Guest column: Education in critical thinking important, too

As I was walking across Central Campus at 8:05 last Wednesday, skipping for the first time this semester to go hang out with a friend, I was absolutely taken by the sight of Beardshear Hall. In the bright sun, under a pristine blue sky, the striking stone columns appeared as one of the more impressive things I have ever seen.

Iowa State is an institution of higher learning, first and foremost. Its primary function, since its inception, is providing an education to the people who wish to receive it. Education in the United States has always been a liberal affair, not in the sense of politics, but in the sense of freedom. A well-rounded education, strong in a diverse base (all of the Gen Eds you are required to take), frees the mind to think.

Thus, the symbolism of the massive Greek columns standing and supporting the front of the building that is the “brain” of the university is apt. It is no coincidence that some of the best-known thinkers in history are Greek. Even those not well-versed in history or philosophy know the names Plato, Socrates and Aristotle. Those men were shining examples of what the Greeks espoused: an understanding of the world around them, strength through freedom of the mind, and the power of people to come together and do politics. However, it is depressing how much the university has strayed from this.

Humanities, more than any other field, teach you how to think. In other majors, you learn processes. You memorize equations and learn causal relationships, and you use them to accomplish whatever goal you set out to do. In the humanities, you learn how to process information. More importantly, you learn how to form opinions using them, and how to defend them. They really are sublime to know, because they teach you to distinguish yourself as an individual so that you can be a functioning member of the public. They’re useful in any situation; put an engineer in a group of people with unfamiliar dispositions, and ask them to complete a task, and the engineer will struggle. Put a classically trained person in a similar situation, and he or she will have the tools to thrive. The problem is universal in the United States.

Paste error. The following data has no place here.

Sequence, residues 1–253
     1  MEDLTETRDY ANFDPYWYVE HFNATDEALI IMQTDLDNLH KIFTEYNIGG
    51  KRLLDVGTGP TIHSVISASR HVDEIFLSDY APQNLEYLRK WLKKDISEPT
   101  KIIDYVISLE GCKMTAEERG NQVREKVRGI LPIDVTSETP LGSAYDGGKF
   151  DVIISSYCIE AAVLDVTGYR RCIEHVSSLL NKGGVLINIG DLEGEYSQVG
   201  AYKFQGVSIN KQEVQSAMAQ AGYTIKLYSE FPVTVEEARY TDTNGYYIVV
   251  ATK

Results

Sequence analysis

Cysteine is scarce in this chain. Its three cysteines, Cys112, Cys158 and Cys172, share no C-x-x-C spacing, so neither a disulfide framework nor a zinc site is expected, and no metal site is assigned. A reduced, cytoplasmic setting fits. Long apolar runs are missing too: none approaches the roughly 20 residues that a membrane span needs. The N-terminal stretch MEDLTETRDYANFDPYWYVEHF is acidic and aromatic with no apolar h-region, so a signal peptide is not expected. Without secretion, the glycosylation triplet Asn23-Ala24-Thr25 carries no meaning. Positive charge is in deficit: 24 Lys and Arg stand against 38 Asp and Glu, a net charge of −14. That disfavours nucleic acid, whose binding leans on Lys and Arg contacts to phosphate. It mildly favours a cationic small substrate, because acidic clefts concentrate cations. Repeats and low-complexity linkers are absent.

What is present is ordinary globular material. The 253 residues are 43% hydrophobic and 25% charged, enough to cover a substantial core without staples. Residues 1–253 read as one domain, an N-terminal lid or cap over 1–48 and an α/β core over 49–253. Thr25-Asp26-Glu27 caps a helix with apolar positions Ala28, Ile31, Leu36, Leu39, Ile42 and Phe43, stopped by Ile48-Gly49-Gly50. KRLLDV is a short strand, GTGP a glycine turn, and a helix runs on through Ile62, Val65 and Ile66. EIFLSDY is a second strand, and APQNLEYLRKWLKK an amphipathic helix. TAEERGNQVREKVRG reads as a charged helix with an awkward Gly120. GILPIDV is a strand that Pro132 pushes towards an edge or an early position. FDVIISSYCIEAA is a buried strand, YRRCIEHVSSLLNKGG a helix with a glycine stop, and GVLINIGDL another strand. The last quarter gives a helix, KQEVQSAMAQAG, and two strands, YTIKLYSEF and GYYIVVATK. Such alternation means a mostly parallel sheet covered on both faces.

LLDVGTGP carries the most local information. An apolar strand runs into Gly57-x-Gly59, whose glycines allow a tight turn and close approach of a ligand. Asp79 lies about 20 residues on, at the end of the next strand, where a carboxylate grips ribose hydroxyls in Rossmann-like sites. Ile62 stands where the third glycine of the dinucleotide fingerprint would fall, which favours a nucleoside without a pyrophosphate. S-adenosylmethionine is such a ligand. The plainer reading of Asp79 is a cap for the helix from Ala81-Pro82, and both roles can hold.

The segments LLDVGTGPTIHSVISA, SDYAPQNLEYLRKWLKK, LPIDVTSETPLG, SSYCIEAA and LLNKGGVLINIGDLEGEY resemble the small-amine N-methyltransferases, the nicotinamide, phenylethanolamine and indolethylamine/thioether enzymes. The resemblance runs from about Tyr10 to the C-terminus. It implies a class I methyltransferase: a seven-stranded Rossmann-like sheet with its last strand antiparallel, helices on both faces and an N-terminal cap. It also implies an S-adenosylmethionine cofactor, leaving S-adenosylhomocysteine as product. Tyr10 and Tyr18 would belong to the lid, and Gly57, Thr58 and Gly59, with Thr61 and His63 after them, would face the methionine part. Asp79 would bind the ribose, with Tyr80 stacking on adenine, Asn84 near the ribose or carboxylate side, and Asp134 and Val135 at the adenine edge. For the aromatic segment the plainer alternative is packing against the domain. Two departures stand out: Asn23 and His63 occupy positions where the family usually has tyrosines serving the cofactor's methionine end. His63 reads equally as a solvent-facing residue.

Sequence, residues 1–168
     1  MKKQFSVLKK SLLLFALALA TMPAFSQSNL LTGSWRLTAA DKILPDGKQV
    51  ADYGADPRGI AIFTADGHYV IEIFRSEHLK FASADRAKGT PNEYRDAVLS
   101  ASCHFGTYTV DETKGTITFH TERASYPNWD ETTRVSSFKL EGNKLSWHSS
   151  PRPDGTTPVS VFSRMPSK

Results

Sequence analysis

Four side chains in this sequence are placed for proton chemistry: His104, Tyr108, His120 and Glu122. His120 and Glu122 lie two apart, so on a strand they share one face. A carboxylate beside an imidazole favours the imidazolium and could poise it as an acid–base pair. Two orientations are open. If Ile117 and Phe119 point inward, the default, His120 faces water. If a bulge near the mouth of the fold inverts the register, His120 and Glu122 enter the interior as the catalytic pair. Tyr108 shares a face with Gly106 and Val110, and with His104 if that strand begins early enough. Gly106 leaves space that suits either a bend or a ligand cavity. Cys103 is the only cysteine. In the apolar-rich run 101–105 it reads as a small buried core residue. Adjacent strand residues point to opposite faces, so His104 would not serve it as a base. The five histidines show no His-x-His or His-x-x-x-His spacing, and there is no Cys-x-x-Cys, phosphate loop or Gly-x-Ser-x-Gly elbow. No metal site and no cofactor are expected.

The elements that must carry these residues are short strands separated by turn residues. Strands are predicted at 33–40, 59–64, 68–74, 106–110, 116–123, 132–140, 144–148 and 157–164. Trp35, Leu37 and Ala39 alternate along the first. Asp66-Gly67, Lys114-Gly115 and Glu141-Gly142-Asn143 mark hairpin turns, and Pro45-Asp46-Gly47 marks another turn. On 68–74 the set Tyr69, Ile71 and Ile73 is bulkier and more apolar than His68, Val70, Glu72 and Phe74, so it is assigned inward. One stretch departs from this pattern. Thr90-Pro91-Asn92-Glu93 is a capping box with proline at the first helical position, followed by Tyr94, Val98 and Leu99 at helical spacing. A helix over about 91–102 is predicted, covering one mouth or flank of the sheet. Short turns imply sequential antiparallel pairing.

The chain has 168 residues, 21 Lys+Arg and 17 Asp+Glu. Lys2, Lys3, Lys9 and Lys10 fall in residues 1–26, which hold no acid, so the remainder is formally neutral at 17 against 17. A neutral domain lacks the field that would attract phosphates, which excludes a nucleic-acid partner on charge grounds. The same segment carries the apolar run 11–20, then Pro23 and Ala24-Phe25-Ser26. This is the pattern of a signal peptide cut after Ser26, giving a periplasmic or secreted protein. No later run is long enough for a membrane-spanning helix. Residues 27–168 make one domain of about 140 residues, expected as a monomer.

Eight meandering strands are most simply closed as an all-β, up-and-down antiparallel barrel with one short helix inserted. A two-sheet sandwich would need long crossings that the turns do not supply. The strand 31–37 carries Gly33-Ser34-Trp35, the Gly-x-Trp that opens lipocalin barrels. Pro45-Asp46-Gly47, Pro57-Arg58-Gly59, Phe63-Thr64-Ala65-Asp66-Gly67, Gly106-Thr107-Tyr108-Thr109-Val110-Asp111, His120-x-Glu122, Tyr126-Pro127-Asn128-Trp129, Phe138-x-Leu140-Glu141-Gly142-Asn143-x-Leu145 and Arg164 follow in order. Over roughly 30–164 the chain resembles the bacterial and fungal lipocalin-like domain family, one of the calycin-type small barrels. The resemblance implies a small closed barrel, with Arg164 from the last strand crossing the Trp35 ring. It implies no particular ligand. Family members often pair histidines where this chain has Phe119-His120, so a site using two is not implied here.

Sadly, we think less as a result of our personal freedom. We are not oppressed; we don’t always have to think, act and defend ourselves, so we allow the few who are interested to do it for us. When those we have trusted betray us, and hold the country hostage for their own personal gain, we don’t know how to fight it. This is the absolute goal of those who oppress. In places such as Iran, the humanities are not ignored (as they are here), they are treated with outright hostility by the government. Freedom of thought is the only true and dangerous enemy to oppressors, particularly within their own country.

In my major, and the others categorized as humanities, we feed off the scraps left by the engineering, agriculture and business schools. The computers in my department’s library are ancient; they may actually still run Windows 98. Three out of the four support staff in our department were lost last year, and worse yet, professors leave and simply are not replaced. It used to be (before my time) that every office on the floor was occupied by a professor, now my undergraduate friend has her own office.

It is because we don’t bring in large quantities of grant money, so we are not “valuable.” However, this is not a for-profit university. Money is not, and should not ever be, the bottom line. Iowa State is not a trade school, either, although it appears to be rapidly heading that way. Don’t get me wrong, the world needs engineers, farmers and businessmen and women, too.

However, when there are major, transcendent issues in the world, it isn’t the farmers and engineers we rely on. It is the politicians and other free thinkers who must come up with workable solutions. While they are informed by the data and programs the others come up with, they must actually think out and act on solutions for the public as a whole. With the budding problems facing the world, such as climate change, overpopulation, and declining resources, these free thinkers will be as important as any others. If we don’t change and take the “liberal” part of our education as seriously as the part we “will actually use,” there may not be any free thinkers left.